Not all public lands are created equal, and when it comes to Montana’s national parks and national forests, the latter are often overlooked. But why? Our national forests boast impressive scenery, endless recreation, and diverse landscapes, just like the parks. Then again, Yellowstone stands alone in the realm of habitat restoration, ecological purity, and wilderness feel, once you get off the Grand Loop. Sounds like a debate that’s too close to call without closer inspection—time for a face-off.
At this point, accessing the landscapes that make up the national park and forest land within Montana is almost an afterthought. Paved roads, improved doubletrack, and endless trails crisscross the map, making it relatively easy to get where you want by car, foot, or bike. But Yellowstone only has four entrances, and only two of them are in Montana.
No one would argue that options are few in the parks or forests, but because of the wilderness quality of the parks, forests often allow for a more diverse array of recreational opportunities, such as mountain biking, hunting, and less restrictive fishing. While national forests do contain some more regulated Wilderness Areas, if your goal is to use the land in your own way, forests are where it’s at.
Montana’s national parks are among the country’s most famous and contain some of the most iconic sights in the world, like Old Faithful, the Lamar Valley, and Going-to-the-Sun Road. But the state’s highest peak is in a national forest, as are some of its most notable natural features and historic sites, such as Gates of the Mountains and the Beartooth Pass. Neglecting these sites would be doing yourself a disservice, and while they might not appear nightly on your TV screen, they are well worth a closer look. At the end of the day, though, more pictures have been taken of the Grand Canyon of the Yellowstone than all the national-forest views combined.
Our national parks have taken on a Disneyland-esque quality with long lines, big crowds, and lots of traffic. Forests are generally traffic-free (unless you’re heading up Hyalite) and rarely require year-long waiting lists for campsites. That being said, over three million people visited the Custer-Gallatin last year, making it the ninth-most-visited forest in the system. Bottom line: the secret’s out about Montana.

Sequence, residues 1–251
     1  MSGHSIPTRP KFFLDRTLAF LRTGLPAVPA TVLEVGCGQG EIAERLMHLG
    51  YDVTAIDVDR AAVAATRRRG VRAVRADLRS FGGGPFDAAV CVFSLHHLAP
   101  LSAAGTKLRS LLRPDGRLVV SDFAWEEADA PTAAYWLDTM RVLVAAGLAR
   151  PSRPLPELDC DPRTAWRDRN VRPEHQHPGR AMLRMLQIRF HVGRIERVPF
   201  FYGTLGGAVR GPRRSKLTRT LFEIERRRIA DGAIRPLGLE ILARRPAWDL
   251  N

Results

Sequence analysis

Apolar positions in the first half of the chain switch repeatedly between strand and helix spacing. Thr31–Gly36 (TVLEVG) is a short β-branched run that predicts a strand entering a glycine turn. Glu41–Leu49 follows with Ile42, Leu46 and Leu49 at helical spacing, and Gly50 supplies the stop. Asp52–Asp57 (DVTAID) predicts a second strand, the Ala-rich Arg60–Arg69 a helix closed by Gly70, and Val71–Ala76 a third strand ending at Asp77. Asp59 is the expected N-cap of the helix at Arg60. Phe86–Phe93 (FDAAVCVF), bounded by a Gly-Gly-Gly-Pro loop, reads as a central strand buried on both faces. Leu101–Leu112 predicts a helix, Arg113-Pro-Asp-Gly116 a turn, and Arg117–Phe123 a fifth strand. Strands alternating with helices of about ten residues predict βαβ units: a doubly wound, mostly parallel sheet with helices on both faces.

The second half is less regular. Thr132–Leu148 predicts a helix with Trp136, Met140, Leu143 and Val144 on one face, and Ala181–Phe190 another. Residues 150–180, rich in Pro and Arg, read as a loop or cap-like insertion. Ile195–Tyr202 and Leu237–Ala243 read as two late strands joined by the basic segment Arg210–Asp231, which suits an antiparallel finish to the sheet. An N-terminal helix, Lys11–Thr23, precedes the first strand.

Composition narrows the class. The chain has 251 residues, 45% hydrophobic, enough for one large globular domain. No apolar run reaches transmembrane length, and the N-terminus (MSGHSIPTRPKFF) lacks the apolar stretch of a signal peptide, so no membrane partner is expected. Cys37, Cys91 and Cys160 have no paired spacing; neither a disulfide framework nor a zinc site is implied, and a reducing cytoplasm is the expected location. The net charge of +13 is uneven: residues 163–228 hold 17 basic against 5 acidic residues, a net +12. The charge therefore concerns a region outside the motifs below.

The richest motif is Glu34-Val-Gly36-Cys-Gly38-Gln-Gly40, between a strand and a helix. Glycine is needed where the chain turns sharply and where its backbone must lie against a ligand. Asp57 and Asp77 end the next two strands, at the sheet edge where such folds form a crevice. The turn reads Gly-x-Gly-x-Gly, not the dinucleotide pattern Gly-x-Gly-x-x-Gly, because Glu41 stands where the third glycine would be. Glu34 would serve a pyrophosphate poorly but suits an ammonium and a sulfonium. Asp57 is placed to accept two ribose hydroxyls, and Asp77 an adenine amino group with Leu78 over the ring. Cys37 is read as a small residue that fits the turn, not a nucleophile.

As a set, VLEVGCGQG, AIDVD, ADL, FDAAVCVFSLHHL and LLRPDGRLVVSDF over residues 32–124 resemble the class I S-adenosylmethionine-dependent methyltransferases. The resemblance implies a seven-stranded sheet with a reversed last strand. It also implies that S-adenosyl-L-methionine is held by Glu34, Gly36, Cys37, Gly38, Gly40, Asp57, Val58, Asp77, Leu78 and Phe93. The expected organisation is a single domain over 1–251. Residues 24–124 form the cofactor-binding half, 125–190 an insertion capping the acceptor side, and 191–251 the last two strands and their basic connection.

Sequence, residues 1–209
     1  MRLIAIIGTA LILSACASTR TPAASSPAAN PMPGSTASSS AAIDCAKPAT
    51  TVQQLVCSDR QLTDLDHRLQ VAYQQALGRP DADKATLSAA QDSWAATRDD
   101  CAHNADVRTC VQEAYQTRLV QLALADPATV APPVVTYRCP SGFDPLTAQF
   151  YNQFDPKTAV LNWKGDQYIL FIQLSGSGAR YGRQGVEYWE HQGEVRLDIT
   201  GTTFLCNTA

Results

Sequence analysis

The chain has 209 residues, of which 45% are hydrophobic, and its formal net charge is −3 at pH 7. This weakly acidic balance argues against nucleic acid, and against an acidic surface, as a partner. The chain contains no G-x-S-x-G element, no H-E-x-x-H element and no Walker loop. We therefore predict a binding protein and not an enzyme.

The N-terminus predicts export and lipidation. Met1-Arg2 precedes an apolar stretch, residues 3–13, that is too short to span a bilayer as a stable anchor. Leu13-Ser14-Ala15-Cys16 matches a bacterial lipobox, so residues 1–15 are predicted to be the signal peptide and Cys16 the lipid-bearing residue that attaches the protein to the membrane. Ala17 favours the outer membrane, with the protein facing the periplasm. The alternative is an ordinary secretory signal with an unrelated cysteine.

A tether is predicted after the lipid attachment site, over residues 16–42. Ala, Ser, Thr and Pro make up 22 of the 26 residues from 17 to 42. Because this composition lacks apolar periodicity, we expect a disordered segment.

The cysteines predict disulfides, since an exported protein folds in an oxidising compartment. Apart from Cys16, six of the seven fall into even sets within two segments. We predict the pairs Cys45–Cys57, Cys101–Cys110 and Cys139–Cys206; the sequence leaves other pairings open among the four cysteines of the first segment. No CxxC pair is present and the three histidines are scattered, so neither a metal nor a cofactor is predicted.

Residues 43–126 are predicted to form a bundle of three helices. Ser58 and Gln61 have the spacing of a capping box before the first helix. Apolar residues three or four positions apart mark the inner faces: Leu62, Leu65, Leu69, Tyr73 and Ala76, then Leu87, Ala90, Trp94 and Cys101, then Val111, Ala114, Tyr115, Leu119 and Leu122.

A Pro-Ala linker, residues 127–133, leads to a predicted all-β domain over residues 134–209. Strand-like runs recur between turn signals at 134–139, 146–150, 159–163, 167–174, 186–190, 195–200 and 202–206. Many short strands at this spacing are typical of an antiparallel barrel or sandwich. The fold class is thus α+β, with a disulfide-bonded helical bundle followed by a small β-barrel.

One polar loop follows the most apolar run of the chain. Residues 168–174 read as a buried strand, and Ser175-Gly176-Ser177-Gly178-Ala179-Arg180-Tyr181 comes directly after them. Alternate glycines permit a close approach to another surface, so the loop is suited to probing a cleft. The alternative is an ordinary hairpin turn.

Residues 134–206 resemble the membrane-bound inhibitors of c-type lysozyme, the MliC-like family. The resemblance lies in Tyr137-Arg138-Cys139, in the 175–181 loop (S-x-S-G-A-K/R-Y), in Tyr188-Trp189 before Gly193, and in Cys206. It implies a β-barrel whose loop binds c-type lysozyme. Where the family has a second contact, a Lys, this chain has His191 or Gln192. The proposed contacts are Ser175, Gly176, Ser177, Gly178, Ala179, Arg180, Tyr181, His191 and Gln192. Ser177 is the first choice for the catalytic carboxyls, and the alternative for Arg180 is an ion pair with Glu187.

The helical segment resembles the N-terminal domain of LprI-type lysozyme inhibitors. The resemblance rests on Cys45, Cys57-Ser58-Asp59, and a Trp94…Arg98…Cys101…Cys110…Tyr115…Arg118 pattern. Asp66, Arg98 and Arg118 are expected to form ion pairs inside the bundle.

While both the parks and the forests can be cheap compared to beach resorts or city-centric vacations, parks have an entry fee, and forests generally don’t. To fish or hunt in either, you need a license, and established campgrounds often cost some dough regardless of which federal bureau is in charge. But once you’ve ponied up for those relatively small expenses, don’t expect to spend much more in the forests. Parks, on the other hand, abound with additional surcharges such as special fishing permits and backcountry campsite fees. And don’t forget about all the commercial vendors—restaurants, gift shops, et al—that will end up costing a pretty penny.
Yellowstone’s wildlife viewing is unrivaled anywhere in the country, and even from the car you are sure to see more megafauna than anywhere else. In fact, we’re so spoiled by the wildlife-viewing that unless we see a griz or Canis lupus, we’re disappointed. You have to work hard to see much on Forest Service land, which is rewarding in its own right, but the parks still give you more bang for your buck, no pun intended.
Earlier this year, a woman in Yellowstone tried to pet a bison. In fact, she did pet the bison, and somehow lived—only to be ridiculed across various social-media platforms. If your goal is to see stupid people doing stupid shit, go to a park. The cases in point are becoming embarrassingly frequent. If, however, you value the DIYers and aspire to be one yourself, head to a National Forest. While there is some level of support for the road-weary traveler, better not bank on agency officials, friendly tourists, and cell service to bail you out of a sticky situation.
Score: 4 to 2
Well, there you have it. While the parks get all the press, the forests are really where it’s at this summer. Either way, remember to be smart, considerate of other people and wildlife, prepare for the worst and hope for the best, and enjoy your time on Montana’s public land. Happy trails.